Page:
The Canadian Museum of History is located on the shores of Ottawa River in Gatineau, Quebec and welcomes approximately 1.2 million visitors per year. UNCEDED is presented with support from the Canada Council for the Arts, and will be on display until March 22, 2020. For more information please click here.
Photo by Cueyo Laux
Located in White Rock at the corner of North Bluff Road and Maple Street, the project vision is to create an affordable community within a 10 minute walk to the Semiahmoo Town Centre. The project will create a vibrant new community with a variety of housing types for “growing up and growing old” in the same neighbourhood, to support the diverse needs of White Rock residents. Buildings will be constructed from mass timber construction, implementing a pre-fabricated sustainable construction system that reduces construction time, enhances affordability, and sequesters carbon. The project provides community connectivity with open and engaging public realm spaces, including “the Beachway” - a public mid-block promenade that increases porosity of the neighbourhood by breaking down the scale of the large city blocks, enhancing the character of the built environment, and supporting the City of White Rock’s socially-oriented urban design principles.
Our recently completed building, Radium Hot Springs Community Hall and Library has been featured on the Wood Design & Building website! The article highlights the use of Dowel Laminated Timber, Glulam to create a special community hub. To read the article, click here.
UAA is delighted to be working with the City of Burnaby on the Cowan Theatre Feasibility Study at the Shadbolt Centre. Shelley worked on the Shadbolt Centre with Henry Hawthorn in 1992 as the design architect. Henry sadly passed away earlier this year, and we feel honoured to continue his legacy through a review of the Cowan Theatre. This area was not part of the 1992 25,000 sq ft addition.
Shelley Craig presents our innovative mass timber buildings and consultation process at the Global Wood Buyers Mission in Whistler, Sept 6, 2018. See the link to her presentation “100 Mile Building” here.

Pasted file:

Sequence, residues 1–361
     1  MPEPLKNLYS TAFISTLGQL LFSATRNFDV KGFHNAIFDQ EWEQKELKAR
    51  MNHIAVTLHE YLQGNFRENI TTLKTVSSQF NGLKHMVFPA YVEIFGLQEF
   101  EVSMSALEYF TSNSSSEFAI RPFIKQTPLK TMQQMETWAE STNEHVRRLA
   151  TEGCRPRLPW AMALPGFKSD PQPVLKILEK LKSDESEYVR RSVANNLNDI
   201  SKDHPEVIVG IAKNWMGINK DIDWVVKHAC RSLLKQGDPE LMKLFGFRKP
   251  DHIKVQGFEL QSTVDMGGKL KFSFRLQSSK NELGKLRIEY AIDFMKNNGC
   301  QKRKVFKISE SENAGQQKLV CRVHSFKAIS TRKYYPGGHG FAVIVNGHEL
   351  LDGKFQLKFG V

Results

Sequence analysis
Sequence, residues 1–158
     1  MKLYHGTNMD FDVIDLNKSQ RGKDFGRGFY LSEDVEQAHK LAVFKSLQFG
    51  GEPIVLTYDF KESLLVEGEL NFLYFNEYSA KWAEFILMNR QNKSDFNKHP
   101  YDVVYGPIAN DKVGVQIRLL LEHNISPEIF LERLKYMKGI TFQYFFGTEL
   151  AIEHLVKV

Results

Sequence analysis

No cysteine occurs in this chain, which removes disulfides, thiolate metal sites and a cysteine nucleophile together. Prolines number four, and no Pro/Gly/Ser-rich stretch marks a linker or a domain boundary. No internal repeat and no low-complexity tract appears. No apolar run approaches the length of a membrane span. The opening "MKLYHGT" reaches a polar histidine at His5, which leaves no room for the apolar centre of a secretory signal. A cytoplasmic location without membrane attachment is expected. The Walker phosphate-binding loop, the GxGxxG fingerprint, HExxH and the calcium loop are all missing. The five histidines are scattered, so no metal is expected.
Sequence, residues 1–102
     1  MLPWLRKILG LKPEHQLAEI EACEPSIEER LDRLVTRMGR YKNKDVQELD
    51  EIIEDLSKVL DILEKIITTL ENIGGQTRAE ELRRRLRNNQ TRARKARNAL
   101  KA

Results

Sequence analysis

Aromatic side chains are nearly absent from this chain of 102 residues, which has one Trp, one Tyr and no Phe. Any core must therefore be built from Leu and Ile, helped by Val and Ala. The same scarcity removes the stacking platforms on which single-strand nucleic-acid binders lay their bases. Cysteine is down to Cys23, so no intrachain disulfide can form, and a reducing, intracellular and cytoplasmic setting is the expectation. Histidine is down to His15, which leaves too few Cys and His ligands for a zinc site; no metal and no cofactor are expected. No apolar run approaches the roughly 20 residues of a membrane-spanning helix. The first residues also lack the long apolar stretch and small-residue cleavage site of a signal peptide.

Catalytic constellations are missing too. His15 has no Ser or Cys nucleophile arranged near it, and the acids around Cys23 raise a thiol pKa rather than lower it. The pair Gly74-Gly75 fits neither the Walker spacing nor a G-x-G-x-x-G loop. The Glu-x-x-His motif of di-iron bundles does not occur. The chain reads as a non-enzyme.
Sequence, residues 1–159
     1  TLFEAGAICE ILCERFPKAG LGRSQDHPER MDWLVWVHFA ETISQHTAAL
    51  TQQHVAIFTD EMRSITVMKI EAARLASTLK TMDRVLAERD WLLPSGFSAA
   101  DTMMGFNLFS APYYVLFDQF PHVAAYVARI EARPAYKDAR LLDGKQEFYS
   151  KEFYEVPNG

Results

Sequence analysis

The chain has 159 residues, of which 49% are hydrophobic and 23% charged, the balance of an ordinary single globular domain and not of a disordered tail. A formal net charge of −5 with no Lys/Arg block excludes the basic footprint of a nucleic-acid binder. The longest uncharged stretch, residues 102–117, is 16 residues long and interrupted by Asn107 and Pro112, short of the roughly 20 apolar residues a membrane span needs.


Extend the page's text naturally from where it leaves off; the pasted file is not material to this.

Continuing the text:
The 8,000 sq ft Hall and Library, opened on August 25 with a large celebration with over 200 people in attendance. The project was the result of a village wide stakeholder engagement process that commenced with a wood stakeholders meeting at the outset of the project to identify available trades in the valley. The result is a “100 mile building” with over 80% of the construction contracts awarded within valley. Wood innovation that resulted from the unique engagement process includes locally manufactured dowel laminated roof panels - a first for BC; and charred wood siding. Much of the wood in the project was supplied by Canfor from the Radium mill. The project was recently published on the Naturally Wood Website and has won the Woodworks! Community Recognition Award presented at UBCM (Union of British Columbia Municipalities) on September 12, 2018.
Radium Hot Springs Community Hall and Library wins the WoodWorks! Community Recognition Award at the 2018 UBCM (Union of British Columbia Municipalities). Leadership in structural and architectural wood use by local governments was recognized yesterday at the Union of BC Municipalities (UBCM) Convention in Whistler. Five local governments were presented with 2018 Community Recognition Awards for use of wood in their community projects by Wood WORKS! BC. The province-wide awards are presented annually to communities that have been exemplary advocates for wood. This may be demonstrated through the specification of wood in a community project and/or through visionary initiatives that work toward building a community culture of wood. For more information, click here.